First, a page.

The Price of Public Safety

Don’t you just love pie charts? Actually, it’s the pie part that I like most. Cherry pie, the kind with crisscrossed strips of crust. Chocolate pecan pie. …Unfortunately, holiday season or not, that’s not the kind of pie we’re talking about, is it?

See the first chart below? It’s on page 116 of the city’s “Fiscal 2016 Summary of the Adopted Budget.” It breaks down the city’s budget by “Priority Outcome” – into categories like “Safer Streets” and “Better Schools.”

Baltimore City Budget by Priority Outcome



As pie charts go, this is, hands down, one of the best. Our city government’s Finance Department deserves credit for making what is otherwise a very complex document exceptionally easy to understand.

The second pie chart shows the city’s $2.549 billion budget by “function” – such as “Public Safety” and “Education.” It’s on page 117 of the same document. The two pie charts are similar, but have slices that are built of slightly different combinations of programs. That’s why, for example, the slices for Safer Streets in the first chart and Public Safety in the second are not exactly the same size.

Baltimore City Budget by Function 

Unfortunately, while these charts are great, what they show us is as stunning as it is unacceptable.

You can study the charts more carefully when you have time. For now, lets just focus on a couple of items beginning with the second chart, the one in which the slices of the pie define allocations by function.

Clearly, the hog at the table is Public Safety, consuming 29% of the budget. Sanitation is second at 20%. Education is third at only 13% which is less than half of what we’re spending on Public Safety. Less than half.

Needless to say, although we’ll say it anyway, if crime were less of a problem, maybe a good portion of dollars we’re now spending for Public Safety could be spent on Education.

Think about the dollar amounts we’re talking about. 29% of $2.549 billion is over $739 million for Public Safety – as compared to just 13% of $2.549 billion which is the $331 million we’re spending on Education. Regrettably, Baltimore is a city living in the present at the expense of its future.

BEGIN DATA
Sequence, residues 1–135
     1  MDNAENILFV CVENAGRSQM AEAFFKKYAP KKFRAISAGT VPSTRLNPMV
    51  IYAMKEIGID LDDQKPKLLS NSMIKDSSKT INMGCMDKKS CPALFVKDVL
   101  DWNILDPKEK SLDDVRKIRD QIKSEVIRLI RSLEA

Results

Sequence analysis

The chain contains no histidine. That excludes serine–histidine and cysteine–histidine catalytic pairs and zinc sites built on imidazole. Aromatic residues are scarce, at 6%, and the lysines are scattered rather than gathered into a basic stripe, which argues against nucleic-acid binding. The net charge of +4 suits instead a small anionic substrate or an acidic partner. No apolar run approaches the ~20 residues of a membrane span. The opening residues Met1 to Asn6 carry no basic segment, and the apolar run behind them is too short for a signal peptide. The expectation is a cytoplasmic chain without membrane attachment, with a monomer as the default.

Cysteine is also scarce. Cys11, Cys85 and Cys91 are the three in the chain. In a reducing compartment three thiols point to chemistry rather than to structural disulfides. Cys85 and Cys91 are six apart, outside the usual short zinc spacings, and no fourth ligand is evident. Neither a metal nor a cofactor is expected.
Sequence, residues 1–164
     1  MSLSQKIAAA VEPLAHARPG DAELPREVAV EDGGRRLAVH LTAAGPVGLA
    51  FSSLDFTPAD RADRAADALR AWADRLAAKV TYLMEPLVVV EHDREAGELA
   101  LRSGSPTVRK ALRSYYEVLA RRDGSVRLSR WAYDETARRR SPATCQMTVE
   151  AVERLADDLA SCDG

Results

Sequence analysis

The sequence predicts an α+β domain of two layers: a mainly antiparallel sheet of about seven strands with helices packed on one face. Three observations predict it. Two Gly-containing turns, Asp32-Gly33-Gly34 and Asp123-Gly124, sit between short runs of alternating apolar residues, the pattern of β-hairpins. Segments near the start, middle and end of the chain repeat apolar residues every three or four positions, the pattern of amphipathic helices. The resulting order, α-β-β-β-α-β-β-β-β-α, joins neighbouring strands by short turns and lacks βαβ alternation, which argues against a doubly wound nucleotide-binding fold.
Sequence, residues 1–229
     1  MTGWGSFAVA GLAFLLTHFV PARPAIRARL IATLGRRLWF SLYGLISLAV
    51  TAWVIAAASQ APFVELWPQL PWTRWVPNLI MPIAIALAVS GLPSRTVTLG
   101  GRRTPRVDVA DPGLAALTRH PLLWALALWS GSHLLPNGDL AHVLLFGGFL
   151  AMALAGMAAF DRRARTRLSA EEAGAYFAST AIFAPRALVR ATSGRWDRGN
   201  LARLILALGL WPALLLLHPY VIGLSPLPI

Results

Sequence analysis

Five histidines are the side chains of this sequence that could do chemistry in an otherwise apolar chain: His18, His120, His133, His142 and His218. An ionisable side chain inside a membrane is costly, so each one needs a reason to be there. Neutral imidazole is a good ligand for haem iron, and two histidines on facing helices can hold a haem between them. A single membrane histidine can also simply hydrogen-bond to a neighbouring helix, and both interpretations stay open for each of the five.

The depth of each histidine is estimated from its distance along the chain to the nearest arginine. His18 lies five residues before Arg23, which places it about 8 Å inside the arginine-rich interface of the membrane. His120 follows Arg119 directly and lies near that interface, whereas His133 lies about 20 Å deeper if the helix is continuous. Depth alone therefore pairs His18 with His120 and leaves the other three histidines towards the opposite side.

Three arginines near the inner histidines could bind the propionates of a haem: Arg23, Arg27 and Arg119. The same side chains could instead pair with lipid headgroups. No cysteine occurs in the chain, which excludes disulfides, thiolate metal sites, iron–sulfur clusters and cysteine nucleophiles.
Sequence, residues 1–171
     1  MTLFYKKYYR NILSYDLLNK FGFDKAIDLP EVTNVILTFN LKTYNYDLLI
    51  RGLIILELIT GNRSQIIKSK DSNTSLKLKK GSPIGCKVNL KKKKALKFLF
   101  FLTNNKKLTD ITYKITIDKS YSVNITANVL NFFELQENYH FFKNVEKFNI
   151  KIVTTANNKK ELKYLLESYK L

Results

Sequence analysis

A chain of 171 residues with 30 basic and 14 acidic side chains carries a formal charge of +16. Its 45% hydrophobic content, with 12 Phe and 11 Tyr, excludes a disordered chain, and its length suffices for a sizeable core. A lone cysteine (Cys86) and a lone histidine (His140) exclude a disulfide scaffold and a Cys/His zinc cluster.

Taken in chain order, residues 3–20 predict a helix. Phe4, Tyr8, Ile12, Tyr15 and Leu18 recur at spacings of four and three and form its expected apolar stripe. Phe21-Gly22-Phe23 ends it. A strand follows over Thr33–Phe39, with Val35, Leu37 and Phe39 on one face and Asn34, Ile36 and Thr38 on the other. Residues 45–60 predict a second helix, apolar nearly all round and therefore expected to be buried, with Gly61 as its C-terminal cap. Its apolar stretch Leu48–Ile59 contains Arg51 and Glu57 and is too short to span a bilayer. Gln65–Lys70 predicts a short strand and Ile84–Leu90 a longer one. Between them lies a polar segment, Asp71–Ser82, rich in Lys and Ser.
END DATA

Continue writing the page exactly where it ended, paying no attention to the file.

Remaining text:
In addition to the $331 million the city spends on Education, the city receives another $28 million from the federal government, plus almost $14 million from the state. Add it all up, and we’re spending $373 million in total, still barely more than half of the $739 million we’re spending on Public Safety.

Baltimore Rising believes that the root cause of the crime in Baltimore is an anemic economy that, for decades, has been unable to provide sufficient jobs and income for its residents. Grow the economy. Unemployment and poverty will decline and so will crime. That frees up lots of money that can be invested in Education and elsewhere in the city. Our children will be more competitive for jobs and college admissions – and generally more productive.

And that, ladies and gentlemen, breaks the negative cycle of frustration, hopelessness and despair that has gripped large segments of our city for generations. It is an ongoing recession that has robbed so many of our children of their potential. It’s not technically a crime, but just as devastating as many that the Police regularly report. Spending so much on Public Safety may be necessary, but it shouldn’t come at the expense of our children’s education.

Unfortunately, as you can see in the first pie chart, for whatever reasons – available funds and a lack of effective city government leadership being chief among them – we only spend 5% of the city’s budget on “A Growing Economy.” Economic growth, the one thing that can save the great city of Baltimore which is in desperate need of economic recovery, gets only 5% of the city’s budget.

Now how pathetic is that?

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